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ADHD: Information for patients and families (The Primary School)

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Information for patients and families

Osmosis
The Primary School
The National Organization for Rare Disorders (NORD)
Glut1 Deficiency Foundation
Transcript

Content Reviewers:

Rishi Desai, MD, MPH

ADHD, which is the abbreviation for attention-deficit hyperactivity disorder, is the most common mental health diagnosis affecting children in America, and there are concerns about both underdiagnosis and overdiagnosis.

ADHD refers to a spectrum of behaviors.

There are genetic and environmental exposures that play a role in the development of ADHD, however, at this point in time we cannot know what specifically caused an individual child’s ADHD.

ADHD is different for everyone.

For some children ADHD causes hyperactivity, for others ADHD causes only difficulty focusing or keeping attention, and in some kids ADHD causes challenges with both.

As a result, some children with ADHD may only have challenges with inattention. They may not have disruptive behaviors but rather only struggle to keep focused on a task at hand.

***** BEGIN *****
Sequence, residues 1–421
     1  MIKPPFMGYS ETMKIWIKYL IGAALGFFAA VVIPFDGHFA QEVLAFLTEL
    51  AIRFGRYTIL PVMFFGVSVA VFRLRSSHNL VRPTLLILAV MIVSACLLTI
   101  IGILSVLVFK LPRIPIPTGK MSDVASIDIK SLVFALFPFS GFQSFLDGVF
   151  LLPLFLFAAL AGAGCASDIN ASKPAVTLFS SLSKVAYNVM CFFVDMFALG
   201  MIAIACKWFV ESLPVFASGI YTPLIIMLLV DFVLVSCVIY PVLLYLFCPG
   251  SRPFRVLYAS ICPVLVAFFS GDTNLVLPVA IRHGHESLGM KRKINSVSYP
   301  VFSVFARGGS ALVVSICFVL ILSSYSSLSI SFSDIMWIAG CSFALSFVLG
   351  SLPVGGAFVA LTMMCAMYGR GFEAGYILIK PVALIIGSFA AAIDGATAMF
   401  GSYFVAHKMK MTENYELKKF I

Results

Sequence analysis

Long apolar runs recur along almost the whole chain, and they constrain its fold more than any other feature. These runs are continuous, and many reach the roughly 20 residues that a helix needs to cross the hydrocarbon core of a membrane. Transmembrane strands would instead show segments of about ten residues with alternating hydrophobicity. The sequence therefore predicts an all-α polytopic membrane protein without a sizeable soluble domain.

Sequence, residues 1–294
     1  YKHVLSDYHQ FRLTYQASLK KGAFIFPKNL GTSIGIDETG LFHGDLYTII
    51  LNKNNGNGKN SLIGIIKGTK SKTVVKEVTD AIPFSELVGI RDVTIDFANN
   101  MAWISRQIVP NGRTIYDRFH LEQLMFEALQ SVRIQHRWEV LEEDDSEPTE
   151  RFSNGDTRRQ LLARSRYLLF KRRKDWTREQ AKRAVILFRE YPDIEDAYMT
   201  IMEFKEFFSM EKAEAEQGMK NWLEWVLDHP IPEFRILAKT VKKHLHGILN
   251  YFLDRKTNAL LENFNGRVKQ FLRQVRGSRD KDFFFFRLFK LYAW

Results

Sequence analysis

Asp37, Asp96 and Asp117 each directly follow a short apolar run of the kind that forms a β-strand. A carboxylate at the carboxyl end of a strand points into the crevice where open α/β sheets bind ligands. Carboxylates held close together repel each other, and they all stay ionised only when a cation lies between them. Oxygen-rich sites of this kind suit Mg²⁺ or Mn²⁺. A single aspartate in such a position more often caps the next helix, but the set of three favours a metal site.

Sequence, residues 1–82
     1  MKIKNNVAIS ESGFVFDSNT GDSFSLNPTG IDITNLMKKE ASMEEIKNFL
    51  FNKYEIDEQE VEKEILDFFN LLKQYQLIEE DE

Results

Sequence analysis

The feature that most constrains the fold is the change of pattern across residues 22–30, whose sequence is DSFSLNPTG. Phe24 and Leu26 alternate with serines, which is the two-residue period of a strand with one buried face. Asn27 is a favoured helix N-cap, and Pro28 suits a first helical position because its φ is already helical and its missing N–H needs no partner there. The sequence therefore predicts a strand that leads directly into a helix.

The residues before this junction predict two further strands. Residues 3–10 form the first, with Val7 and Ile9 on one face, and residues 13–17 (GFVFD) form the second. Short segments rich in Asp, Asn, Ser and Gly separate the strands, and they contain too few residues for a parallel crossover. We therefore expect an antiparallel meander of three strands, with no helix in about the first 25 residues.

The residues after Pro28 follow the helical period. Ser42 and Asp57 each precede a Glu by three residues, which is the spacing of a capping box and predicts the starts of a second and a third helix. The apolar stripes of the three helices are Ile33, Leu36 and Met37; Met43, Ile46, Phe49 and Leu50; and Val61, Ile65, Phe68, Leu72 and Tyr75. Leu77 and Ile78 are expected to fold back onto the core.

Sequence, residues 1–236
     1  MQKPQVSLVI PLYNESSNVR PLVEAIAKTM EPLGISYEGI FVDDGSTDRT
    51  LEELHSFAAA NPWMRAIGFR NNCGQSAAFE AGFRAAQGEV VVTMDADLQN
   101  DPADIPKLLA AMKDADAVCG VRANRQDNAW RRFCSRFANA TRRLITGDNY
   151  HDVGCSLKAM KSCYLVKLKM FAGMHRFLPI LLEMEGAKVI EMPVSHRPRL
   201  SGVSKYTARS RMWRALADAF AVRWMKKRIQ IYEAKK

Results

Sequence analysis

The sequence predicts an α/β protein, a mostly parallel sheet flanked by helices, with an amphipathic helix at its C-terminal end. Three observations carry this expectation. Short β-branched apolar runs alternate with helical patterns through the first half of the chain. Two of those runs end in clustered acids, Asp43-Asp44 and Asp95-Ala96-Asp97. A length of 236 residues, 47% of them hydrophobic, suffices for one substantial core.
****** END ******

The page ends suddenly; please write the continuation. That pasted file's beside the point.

Other children with ADHD are hyperactive; they often struggle to sit still, have trouble waiting, interrupt others during conversations, and have difficulty following classroom rules. In addition, they can be impulsive, make rash decisions and make careless mistakes.

Again, there are many children with ADHD who have both inattentive and hyperactive symptoms.

Regardless of the symptoms, many students with ADHD can begin to fall behind in their academic work and can sometimes miss days from school because of significant behavior problems in the classroom.

To make matters worse, ADHD can take a toll on children’s friendships; their disruptive and impulsive behavior can result in being shunned or bullied by peers.

Needless to say, ADHD can be hard on children as well as their teachers and families.

The first and probably the most important step is noticing that the child can’t keep attention, something that both teachers and parents are uniquely able to do.

Teachers are very helpful in identifying children since the classroom setting is often the place where children exhibit symptoms. The expectations to pay attention and complete tasks are a central part of the school day.

Correctly diagnosing ADHD can be hard, so it’s important to bring the child to a professional for an evaluation when a parent or a teacher raises a concern. After all, there might be other causes for the symptoms.

For example a child might not be paying attention in class because they have a hearing or vision difficulty, or because they have an undiagnosed learning disability, or because they aren’t getting sufficient food or sleep at home. It can be hard to concentrate when you’re always feeling hungry.

In order to make the right diagnosis family members, school nurses, and teachers can help by providing information about child’s behavior in different environments.